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Once again, at least for a moment, I’m relaxed and happy. Actually, it’s a baby carriage flanked by a mom and two toddlers, one on either side of a strapped-in infant. It’s a wailing, electric, claxon-like sound, like a nuclear attack alert, loud enough to rattle my tableware. Reading is impossible; sleeping is out of the question. It is so loud you cannot hear the public address announcements from the crew.
Until, hardly three minutes later, as I’m scanning through some emails, again I hear a tell-tale noise. And this foursome of noisemakers is aimed directly at the table next to mine. And I would love to tell you that this time I got lucky, and this was one of those quiet and well-behaved babies who whines for a minute and then, miracle of miracles, utters nary a peep for the rest of the flight. Those are the flights that restore our faith in both air travel and humanity at large. The only escape is watching movies with the volume cranked up (unfortunately Asiana’s entertainment system is terrible and offers only a few boring choices). When we touch down at JFK in September sunshine just before 11 a.m., I don’t feel the least bit sated, refreshed or relaxed. Experience two: There’s a lot to like in Emirates business class on the Airbus A380. The carrier’s “ICE” entertainment system is second to none. Amenities are all around you, from the duvet and mattress to the luxurious lounge and bar in the back of the upper deck. I’m at Schiphol airport in Amsterdam, walking up the jet bridge that leads to the upper deck, when a huge family of at least a dozen, six of them kids, rudely cuts the line.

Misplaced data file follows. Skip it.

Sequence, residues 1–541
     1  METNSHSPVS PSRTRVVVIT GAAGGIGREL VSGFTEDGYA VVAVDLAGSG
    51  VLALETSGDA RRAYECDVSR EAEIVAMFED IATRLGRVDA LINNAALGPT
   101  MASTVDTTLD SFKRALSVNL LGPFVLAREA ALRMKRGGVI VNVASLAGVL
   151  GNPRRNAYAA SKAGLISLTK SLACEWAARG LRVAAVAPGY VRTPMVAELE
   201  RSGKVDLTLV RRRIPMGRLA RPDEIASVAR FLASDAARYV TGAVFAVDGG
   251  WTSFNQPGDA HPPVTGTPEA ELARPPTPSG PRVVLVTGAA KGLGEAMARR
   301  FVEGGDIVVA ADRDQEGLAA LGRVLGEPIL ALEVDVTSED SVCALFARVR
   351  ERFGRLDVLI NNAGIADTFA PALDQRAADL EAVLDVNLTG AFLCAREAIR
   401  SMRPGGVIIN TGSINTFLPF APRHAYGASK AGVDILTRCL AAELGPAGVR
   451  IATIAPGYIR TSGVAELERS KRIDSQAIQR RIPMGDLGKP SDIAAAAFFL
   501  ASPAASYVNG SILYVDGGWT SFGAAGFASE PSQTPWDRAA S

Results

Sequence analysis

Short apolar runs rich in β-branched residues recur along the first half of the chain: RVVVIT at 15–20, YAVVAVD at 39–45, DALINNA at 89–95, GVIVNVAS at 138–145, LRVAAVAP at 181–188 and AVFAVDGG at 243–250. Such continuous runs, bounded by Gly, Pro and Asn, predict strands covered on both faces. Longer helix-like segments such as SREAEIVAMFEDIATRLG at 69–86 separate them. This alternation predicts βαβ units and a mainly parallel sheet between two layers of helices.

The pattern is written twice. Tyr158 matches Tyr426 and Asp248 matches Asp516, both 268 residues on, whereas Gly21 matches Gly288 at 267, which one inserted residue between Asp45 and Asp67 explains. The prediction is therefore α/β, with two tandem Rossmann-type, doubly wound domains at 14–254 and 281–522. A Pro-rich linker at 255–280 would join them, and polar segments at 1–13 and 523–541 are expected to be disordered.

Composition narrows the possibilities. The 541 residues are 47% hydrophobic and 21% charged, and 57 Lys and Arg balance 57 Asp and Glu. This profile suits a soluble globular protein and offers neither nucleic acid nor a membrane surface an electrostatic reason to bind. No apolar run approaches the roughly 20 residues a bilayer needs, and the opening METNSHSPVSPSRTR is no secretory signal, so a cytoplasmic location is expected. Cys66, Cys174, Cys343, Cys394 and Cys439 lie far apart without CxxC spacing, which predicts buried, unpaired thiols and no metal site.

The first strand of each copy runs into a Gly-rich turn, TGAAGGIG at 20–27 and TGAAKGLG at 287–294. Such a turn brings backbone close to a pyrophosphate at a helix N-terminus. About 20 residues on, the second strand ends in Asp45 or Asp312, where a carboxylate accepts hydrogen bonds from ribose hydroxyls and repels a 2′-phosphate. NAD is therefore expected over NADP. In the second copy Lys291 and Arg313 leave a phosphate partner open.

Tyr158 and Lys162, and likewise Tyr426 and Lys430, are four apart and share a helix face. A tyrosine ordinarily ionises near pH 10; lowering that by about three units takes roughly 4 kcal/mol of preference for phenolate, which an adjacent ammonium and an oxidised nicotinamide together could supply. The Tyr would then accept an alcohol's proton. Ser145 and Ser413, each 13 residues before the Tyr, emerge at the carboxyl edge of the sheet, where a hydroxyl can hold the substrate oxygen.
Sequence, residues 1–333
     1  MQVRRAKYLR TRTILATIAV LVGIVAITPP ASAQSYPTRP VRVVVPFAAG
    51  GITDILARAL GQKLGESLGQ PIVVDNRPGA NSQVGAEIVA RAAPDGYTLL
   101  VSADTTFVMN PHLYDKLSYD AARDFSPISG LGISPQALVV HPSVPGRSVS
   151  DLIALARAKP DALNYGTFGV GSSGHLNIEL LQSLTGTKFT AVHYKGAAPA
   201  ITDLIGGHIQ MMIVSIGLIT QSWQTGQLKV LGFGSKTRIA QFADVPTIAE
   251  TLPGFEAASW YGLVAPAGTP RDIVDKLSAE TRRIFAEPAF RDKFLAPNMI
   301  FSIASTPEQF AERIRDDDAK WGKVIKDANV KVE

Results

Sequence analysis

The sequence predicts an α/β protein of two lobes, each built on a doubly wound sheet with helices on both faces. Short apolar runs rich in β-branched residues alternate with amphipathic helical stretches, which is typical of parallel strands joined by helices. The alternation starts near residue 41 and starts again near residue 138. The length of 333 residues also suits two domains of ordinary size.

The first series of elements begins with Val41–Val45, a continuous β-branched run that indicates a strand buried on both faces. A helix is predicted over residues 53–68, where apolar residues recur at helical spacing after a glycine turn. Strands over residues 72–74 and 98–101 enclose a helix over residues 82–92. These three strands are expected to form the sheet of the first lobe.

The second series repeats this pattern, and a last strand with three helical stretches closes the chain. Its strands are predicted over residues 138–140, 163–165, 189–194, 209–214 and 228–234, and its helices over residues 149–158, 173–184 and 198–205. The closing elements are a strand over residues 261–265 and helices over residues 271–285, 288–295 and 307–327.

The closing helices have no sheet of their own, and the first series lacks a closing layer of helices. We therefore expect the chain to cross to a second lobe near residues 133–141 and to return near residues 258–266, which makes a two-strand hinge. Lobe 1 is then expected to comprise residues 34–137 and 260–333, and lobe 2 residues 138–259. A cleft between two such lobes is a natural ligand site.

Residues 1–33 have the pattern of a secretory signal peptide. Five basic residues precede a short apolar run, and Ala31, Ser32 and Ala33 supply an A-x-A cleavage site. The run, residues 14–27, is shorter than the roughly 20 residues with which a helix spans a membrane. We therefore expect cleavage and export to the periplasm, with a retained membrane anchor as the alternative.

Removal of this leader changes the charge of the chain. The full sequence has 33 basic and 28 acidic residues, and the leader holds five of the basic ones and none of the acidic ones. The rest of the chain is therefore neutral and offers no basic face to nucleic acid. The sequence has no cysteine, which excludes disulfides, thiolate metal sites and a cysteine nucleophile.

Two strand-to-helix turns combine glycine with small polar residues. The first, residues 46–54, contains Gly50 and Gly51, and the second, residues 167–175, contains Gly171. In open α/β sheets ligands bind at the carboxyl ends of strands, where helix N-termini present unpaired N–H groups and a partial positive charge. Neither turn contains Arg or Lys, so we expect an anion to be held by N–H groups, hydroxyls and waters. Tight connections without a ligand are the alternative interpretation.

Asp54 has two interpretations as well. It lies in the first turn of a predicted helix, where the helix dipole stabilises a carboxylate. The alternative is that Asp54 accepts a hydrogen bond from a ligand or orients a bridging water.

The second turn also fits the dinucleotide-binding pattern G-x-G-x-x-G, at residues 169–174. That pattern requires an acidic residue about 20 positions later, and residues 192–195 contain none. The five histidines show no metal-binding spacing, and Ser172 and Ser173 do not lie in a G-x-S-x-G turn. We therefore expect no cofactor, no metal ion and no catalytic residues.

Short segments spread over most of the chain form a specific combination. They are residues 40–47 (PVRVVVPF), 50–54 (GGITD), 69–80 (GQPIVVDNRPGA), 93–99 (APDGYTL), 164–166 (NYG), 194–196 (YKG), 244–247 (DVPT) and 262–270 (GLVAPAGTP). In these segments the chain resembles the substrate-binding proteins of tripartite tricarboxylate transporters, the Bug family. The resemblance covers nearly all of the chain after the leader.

The shelves give it an almost library aesthetic, and I like that. I help myself to a triple espresso and set up my computer at a table near the back. And he’s of that certain age — that age between infant and toddler, when a voice begins to gain the sonic traction that allows it to carry.
There’s nobody around and I have the whole rear corner to myself. At the height of his discomfort this tiniest of humans is pushing ninety decibels.
As the flight goes on, there’s no escape from the racket.
Not even in the bar in the A380’s rear cabin — the bar!
It’s quiet, quiet, quiet again; then suddenly there’s more screaming. Asiana has separate lounges at ICN for first and business class.
Unlike a high percentage of the people who travel up front, I was not flying on company expense or cashing in frequent-flyer miles.My skin goes prickly hot and and my pulse starts racing. Slouched in her chair, the woman looks up at me contemptuously.“They are only children.” This is a standard rebuttal.We paid for the tickets, the argument goes, so we have a right to be here, and hey, it’s just kids being kids, right?Actually, no, I’m sorry, this is not a legitimate justification.